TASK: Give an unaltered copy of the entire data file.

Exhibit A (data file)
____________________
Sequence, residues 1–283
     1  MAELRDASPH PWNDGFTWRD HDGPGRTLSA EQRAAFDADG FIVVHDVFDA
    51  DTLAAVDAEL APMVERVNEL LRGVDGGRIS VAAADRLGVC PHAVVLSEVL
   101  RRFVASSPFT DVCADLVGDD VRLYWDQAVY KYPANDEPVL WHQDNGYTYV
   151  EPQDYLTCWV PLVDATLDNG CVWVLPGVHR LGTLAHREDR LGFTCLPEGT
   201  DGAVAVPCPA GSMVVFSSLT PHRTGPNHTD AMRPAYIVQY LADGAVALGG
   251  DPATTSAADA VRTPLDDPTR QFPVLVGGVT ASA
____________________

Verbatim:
Sequence, residues 1–283
     1  MAELRDASPH PWNDGFTWRD HDGPGRTLSA EQRAAFDADG FIVVHDVFDA
    51  DTLAAVDAEL APMVERVNEL LRGVDGGRIS VAAADRLGVC PHAVVLSEVL
   101  RRFVASSPFT DVCADLVGDD VRLYWDQAVY KYPANDEPVL WHQDNGYTYV
   151  EPQDYLTCWV PLVDATLDNG CVWVLPGVHR LGTLAHREDR LGFTCLPEGT
   201  DGAVAVPCPA GSMVVFSSLT PHRTGPNHTD AMRPAYIVQY LADGAVALGG
   251  DPATTSAADA VRTPLDDPTR QFPVLVGGVT ASA